This same analysis must apply to whether the Democrats decide to impeach Trump. Yes, it is distasteful, and could foment even more division in the country. Yes, there is the theory that impeachment would galvanize the right behind him, thus leading to his re-election and four more years of horrific Trump policies – and this could be a worse option than simply trying to defeat him at the polls. Yes, he has stacked the Supreme Court in his favor, even adding Justice Kavanaugh, who has famously questioned the unanimous Supreme Court decision which forced Nixon to turn over his Watergate tapes, creating the frightening scenario that Trump-appointed judges could actually shield him from prosecution.

Yes, yes, and yes, the road to impeachment is fraught with political risk and the journey should not be undertaken lightly, or without the utmost preparation. And even then the destination may result in disaster for the country.

But I would posit that if we DON’T start the impeachment process the magnitude of the damage would be worse.

Far worse.

The president encouraged Russia to hack the Clinton campaign. His son sought dirt on Clinton from operatives connected with the Russian government, at a meeting also attended by his son-in-law and campaign manager. That campaign manager shared polling data with a Russian oligarch, also connected to Putin. Whether the GOP likes it or not, this is collusion, regardless of if it was or wasn’t criminal conduct. Since Trump repeatedly denied Russia invaded us, despite the unanimous opinion of America’s intelligence services (not to mention his own Secretary of State), tried to ease sanctions against Russia and apparently obstructed justice in an attempt to cover up his conduct, Congress cannot ignore its Constitutional mandate to institute action against him.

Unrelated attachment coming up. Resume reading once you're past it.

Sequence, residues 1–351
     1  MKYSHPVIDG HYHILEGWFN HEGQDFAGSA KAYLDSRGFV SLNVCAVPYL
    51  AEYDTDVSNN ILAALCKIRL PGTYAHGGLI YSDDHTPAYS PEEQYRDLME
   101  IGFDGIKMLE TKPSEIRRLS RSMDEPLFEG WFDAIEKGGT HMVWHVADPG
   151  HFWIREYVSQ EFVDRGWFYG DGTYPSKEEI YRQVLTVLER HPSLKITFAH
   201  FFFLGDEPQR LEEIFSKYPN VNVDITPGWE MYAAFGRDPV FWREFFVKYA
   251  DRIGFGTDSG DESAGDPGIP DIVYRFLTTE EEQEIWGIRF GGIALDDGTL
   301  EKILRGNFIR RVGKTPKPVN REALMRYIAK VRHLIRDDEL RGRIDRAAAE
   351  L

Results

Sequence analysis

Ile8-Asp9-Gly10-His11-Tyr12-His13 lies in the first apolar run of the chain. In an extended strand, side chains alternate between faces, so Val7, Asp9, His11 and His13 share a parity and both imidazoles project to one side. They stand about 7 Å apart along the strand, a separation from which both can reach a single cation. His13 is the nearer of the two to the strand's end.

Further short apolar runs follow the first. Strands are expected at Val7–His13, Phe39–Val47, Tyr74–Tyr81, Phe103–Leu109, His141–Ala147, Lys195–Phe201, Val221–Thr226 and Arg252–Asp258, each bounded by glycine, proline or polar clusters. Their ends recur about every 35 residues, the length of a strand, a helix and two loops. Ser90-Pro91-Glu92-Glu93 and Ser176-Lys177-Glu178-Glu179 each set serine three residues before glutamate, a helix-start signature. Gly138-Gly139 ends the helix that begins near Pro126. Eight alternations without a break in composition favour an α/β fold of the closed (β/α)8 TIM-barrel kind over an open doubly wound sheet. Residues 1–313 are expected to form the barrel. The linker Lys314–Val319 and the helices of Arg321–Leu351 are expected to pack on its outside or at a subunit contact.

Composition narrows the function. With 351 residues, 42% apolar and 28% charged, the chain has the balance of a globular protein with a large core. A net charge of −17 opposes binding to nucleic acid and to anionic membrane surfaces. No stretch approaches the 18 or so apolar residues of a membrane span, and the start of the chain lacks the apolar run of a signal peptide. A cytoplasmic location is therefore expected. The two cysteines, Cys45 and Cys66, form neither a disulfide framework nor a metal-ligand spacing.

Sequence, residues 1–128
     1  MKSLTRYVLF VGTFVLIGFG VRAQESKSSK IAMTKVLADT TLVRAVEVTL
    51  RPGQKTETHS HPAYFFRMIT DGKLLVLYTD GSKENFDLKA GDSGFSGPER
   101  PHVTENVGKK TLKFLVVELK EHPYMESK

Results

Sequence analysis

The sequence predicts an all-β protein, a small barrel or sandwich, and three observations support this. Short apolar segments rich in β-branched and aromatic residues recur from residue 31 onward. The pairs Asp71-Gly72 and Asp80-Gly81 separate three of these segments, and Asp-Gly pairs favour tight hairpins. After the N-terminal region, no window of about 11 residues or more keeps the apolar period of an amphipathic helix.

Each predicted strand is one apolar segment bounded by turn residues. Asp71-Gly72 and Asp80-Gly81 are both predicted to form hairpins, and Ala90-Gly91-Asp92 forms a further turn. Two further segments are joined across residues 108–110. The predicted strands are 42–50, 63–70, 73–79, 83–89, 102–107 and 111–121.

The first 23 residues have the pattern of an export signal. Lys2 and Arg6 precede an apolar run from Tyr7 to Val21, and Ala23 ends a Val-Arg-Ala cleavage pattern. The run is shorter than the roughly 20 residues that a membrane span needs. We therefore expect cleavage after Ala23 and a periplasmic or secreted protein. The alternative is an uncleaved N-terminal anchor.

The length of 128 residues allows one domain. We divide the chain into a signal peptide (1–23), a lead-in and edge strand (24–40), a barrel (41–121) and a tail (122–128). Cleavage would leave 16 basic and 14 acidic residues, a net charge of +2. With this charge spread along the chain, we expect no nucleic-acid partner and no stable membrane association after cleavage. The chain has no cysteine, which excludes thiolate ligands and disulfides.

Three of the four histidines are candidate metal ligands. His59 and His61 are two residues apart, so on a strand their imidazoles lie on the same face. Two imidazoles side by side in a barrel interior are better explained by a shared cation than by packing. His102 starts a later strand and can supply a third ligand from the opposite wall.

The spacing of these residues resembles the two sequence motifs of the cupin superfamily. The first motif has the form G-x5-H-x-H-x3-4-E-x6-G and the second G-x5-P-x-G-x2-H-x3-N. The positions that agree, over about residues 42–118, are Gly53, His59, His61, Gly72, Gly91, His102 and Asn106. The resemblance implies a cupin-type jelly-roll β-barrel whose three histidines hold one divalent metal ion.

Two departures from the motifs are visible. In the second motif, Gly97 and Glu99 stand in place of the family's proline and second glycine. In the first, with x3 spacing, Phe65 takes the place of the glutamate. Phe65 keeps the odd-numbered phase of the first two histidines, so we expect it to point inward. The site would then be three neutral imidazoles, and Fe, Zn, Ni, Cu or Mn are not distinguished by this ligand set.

In essence, Trump AT MINIMUM stood by, smiling, as one of our most bitter enemies committed cyber warfare against this sovereign nation, lied about it, AND BEGGED THEM TO DO IT AGAIN. Then, according to Mueller, he allegedly obstructed justice to prevent the investigation into this attack from even occurring.

The man who swore an oath to “preserve, protect and defend the Constitution of the United States” instead stood by and used his copy of that sacred document as a red cape to lure the Russian bull, waving it as the beast rushed by him and gored America. Then he patted the animal on the head, fed it dinner, pretended this was all normal and tried to hide the country’s wounds from us, while screaming that the television crew filming the match and the officials reviewing it were making it all up and out to get him in some nefarious plot, and THEY were the real criminals while HE was somehow wronged.

This is not Bill Clinton lying about whether he engaged in inappropriate sexual conduct with an intern.  It’s not even Nixon covering up a burglary into his opponent’s campaign headquarters. No, what president Trump did was let a foreign country engage in a vicious attack against our free elections – the very foundation of our democracy – then cover it up, not only while claiming that he did nothing wrong, but by aggressively asserting that he was the VICTIM. It was Hillary. It’s the deep state. It’s a conflicted prosecutor (who has an impeccable record and was appointed by Trump’s own people). It’s angry Democrats. It’s a hoax. A witch hunt. Fake news.

Trump’s lies about the Russia investigation STILL haven’t stopped.

We cannot permit such indifferent, or perhaps calculated, malfeasance to our country’s security pass without a definitive, unconditional response. What’s more, these were the clumsy attempts of an ill-equipped political amateur to conspire with Russia. Imagine what he will accomplish with four years of experience under his belt, not to mention if he is abetted by a veteran Attorney General, well versed in Washington politics, who seems poised to do his bidding. Already we see that the administration is refusing to release the full Mueller report, refusing to comply with subpoenas, and refusing to follow clear statutes which direct the disclosure of documents, including his taxes. He is ordering both current and former employees – including private citizens – not to appear before Congress.  He is suing private entities to prevent them from releasing documents pertaining to his finances. He is basically telling Congress that he can act as a potentate, do whatever he wishes, and there’s nothing they can do about it. Who knows, maybe he’ll declare another national emergency to end all oversight inquiries and expect that his hand-picked Supreme Court will approve it.